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Detailed Data Quality Summary for the CALIPSO Version 1.00 Lidar Level 3 Cloud Occurrence Monthly Data Product



Data Version: 1.00
Data Release Date: December 3, 2018
Data Date Range: June 13, 2006 to December 31, 2016
Production Strategy: Standard

The CALIPSO lidar level 3 (L3) three-dimensional (3D) cloud occurrence product reports global distributions of cloud occurrence aggregated monthly on a uniform 3-dimensional (3D) spatial grid. All clouds reported in the CALIPSO lidar level 2 products are initially considered. Level 3 quality assurance (QA) filters are used to identify and reject low confidence or otherwise suspicious layers reported in the level 2 data. In addition to the total number of quality-assured cloud samples detected within each grid cell, the cloud occurrence product reports separate totals for opaque clouds and transparent clouds, partitioned according to cloud thermodynamic phase (i.e., ice, water, and unknown phase) and accounts for the clouds rejected by the QA filters. Ice cloud information is further augmented by including histograms of layer optical depth (OD) for each grid cell. Background meteorological data (e.g., temperature, pressure, and relative humidity) and surface information such land/water surface types and snow sea ice extent coverage are also included.

Data are reported on standard grid dimensions of 2° latitude (85 elements) by 2.5° longitude (144 elements) by 60 m altitude (344 elements) over an altitude range of -0.4 km to 20.2 km above mean sea level. For each calendar month, three files are generated. These files report cloud occurrence statistics derived from daytime observations (using daytime granules only), nighttime observations (using nighttime granules only) and all observations (using both daytime and nighttime granules).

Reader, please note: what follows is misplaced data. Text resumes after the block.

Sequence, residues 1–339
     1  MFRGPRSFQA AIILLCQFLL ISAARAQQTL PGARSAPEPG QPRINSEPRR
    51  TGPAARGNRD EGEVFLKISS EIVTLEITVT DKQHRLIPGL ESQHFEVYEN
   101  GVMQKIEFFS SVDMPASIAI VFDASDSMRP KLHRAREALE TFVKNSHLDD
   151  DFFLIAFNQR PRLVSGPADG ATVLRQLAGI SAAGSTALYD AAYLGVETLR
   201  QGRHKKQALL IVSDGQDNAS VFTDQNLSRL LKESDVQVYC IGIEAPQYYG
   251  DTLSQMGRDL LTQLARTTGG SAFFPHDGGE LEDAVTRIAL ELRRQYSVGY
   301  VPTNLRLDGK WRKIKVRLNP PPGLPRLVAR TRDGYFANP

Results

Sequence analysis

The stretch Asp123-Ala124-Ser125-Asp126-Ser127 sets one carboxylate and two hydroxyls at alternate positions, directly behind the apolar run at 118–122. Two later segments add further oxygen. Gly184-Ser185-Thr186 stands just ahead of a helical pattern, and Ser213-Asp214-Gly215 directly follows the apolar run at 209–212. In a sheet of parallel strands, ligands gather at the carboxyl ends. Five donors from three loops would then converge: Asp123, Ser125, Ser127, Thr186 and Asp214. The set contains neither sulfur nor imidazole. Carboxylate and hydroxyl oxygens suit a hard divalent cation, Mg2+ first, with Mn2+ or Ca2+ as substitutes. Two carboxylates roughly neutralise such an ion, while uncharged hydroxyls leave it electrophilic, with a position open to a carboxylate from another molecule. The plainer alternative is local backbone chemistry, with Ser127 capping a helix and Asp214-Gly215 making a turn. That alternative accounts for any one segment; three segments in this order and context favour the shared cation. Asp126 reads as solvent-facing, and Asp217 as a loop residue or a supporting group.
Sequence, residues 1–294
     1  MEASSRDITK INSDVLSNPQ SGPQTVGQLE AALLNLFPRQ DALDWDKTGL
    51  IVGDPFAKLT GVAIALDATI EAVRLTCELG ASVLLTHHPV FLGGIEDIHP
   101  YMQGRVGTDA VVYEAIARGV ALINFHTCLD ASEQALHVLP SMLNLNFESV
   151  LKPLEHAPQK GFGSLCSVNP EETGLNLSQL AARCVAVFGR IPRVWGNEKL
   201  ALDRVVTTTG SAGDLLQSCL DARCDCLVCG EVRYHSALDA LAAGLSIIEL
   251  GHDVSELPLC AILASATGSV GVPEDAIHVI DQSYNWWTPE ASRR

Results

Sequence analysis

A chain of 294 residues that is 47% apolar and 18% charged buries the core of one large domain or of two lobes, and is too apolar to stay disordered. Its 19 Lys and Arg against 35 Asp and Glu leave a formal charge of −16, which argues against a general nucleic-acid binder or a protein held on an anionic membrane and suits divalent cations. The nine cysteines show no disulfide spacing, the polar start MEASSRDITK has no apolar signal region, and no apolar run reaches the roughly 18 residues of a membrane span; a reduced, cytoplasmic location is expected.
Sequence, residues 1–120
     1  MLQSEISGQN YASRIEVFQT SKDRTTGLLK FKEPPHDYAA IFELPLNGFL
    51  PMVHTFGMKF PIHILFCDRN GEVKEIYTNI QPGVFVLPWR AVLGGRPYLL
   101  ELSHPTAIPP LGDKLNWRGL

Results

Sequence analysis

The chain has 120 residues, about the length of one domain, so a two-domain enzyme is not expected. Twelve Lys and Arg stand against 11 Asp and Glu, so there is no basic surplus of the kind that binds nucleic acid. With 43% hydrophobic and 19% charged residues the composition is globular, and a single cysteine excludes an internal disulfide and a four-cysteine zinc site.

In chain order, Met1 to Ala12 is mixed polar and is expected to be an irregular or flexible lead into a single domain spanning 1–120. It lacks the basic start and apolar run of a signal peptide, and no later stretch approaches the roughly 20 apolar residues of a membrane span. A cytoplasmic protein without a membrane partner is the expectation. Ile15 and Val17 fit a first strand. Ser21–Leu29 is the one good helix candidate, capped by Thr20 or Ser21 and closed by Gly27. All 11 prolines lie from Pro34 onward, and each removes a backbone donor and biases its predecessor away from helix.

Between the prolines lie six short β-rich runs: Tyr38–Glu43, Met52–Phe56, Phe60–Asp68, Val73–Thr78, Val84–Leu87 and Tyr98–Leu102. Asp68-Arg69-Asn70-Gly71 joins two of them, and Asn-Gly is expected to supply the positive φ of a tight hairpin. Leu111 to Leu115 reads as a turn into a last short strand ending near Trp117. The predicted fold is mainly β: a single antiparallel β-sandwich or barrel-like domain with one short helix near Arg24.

Due to an elevated frequency of low energy laser shots within and near the Southern Atlantic Anomaly (SAA) region since late May 2017, the generation of all CALIPSO L3 products, including the L3 cloud occurrence product, ceases after December 2016. The CALIPSO lidar science working group is currently working on understanding how this issue might affect all levels of CALIPSO data products reported within the SAA.

Level 2 Input Data

The version 1.00 of L3 3D cloud occurrence product is created from the V4.10 level 2 (L2) 5 km merged cloud layer product and V4.10 L2 5 km cloud profile product as shown in the Table 1.

Lidar Level 2 Input Data for Level 3 Cloud Occurrence Product, V1.00
Version Input Product(s) Data Date Range
V4.10 CAL_LID_L2_05kmMLay-Standard-V4-10*.hdf
CAL_LID_L2_05kmCPro-Standard-V4-10*.hdf
June 2006 - December 2016

Unique Information in the CALIOP 3D Cloud Occurrence Product

The CALIOP 3D cloud occurrence product reports cloud occurrence counts in each 3D grid cell. Based on the number of cloud counts and cloud-free counts within each altitude bin, vertical profiles of volume cloud occurrence frequency are readily derived for each latitude-longitude bin.